Unfortunately it contained only a very few - spanning about 21 ragas. The mighty king was much disillusioned. He consulted his ministers who advised him to call on Nambi Aandaar Nambi who lived in a place called Thirunaavaloor in Thanjavur District. Nambi Aandaar Nambi was a great scholar and Vinayaka (Ganesh) Bhakta. The king approached Nambi Aandaar Nambi requesting him to help him trace the hymns composed by the Shivacharyas. Nambi Aandaar Nambi had a vision that night. Sri Vinayaka appeared before Nambi and told him that the entire collection of palm leaves containing thousands of hymns composed by the great Shivacharyas - Thirunavukarasar (popularly known as Appar), Gnana Samandhar, Sundarar, Manickavachakar and others - were available within the precincts of the famous Chidambaram Temple.

Raja Raja immediately visited the Chidambaram temple and requested the Brahma Dikshitar (Head of the Dikshitars who were performing the Poojas in the temple) to hand over the palm inscriptions to him. The Dikshitars resisted stating that the collection could be handed over only to the 4 great personally and to no one else.

The Sivacharyas had attained Mukhti nearly 400 years ago! The Raja was wise. He got idols of the Shivacharyas made, performed the poojas as per the Shivagamas Temple editct of dos and donts of Lord Shiva and His Parivaramuthis and brought them to Chidambaram. The Raja insisted that the as the "Avaahanam" was performed on the idols as per the Shivagamas, they were the Sivacharyas personified. The Dikshitars yielded. The keys of the room lying locked for about 4 centuries were given to the Maharaja.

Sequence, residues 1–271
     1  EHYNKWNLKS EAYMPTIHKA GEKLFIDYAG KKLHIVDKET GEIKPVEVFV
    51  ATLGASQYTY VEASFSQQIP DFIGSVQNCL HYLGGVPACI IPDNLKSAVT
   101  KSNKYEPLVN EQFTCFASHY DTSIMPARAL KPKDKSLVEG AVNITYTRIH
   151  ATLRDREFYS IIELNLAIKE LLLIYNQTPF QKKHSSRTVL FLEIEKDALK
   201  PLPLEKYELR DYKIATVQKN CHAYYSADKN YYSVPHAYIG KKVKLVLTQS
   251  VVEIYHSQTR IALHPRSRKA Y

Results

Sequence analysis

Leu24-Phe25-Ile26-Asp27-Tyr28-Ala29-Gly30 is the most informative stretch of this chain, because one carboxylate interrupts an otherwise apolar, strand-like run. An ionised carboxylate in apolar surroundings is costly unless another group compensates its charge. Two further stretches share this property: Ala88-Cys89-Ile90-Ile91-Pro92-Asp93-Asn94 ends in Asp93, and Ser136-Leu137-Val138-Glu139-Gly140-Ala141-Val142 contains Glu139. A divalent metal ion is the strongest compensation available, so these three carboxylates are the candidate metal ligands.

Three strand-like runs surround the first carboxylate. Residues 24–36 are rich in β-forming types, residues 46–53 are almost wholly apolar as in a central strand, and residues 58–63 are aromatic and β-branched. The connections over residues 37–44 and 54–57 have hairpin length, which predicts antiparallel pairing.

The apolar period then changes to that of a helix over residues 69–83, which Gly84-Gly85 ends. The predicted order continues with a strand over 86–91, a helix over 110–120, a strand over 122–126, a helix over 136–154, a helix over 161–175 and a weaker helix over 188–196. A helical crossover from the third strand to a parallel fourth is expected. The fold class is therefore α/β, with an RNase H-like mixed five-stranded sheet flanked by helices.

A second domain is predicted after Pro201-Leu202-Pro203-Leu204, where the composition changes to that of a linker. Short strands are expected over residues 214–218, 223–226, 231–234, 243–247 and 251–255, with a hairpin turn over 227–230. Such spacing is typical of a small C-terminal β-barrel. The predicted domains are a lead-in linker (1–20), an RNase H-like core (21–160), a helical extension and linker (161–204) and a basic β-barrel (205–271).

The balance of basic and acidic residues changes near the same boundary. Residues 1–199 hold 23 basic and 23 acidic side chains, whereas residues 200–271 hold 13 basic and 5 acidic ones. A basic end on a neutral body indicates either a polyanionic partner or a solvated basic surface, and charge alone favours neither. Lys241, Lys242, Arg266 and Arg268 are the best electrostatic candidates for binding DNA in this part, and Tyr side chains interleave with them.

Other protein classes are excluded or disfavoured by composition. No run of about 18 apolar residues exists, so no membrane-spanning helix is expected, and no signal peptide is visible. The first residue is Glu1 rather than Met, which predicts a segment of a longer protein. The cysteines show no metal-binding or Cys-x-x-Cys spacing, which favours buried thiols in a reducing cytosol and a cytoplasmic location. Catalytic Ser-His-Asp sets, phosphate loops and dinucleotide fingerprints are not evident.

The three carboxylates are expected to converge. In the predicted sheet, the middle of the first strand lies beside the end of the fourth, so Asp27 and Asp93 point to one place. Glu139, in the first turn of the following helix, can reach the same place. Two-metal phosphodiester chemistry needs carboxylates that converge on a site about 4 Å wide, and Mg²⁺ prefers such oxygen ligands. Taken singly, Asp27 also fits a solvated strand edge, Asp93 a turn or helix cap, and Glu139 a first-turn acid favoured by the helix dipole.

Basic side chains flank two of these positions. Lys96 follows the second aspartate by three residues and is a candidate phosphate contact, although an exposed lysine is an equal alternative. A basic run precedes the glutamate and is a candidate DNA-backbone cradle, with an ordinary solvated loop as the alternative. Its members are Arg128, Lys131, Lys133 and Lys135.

When the Raja opened the doors, the sight brought tears from his eyes.

The palm inscriptions were buried under anthills. The Raja almost gave up as he was convinced that nothing could be retrieved. He closed his eyes and called out to Nataraja (the dancing form of Lord Shiva) of Chidambaram. Then came a celestial consolation - a divine voice was heard stating that the hymns which were relevant for Kali Yuga were intact. The Raja was overjoyed. He organized to collect all the palm leaves and gave the enviable task of compilation to Nambi Aandar Nambi. It was a stupendous task by any standard. Nambi Aandar Nambi carefully worked on each palm leaf and retrieved thousands of them. He sorted and classified the hymns into 11 volumes. Each volume is called a "Thirumurai".
The classification is as follows
S. No. Thirumurai Parts Consisting of Photos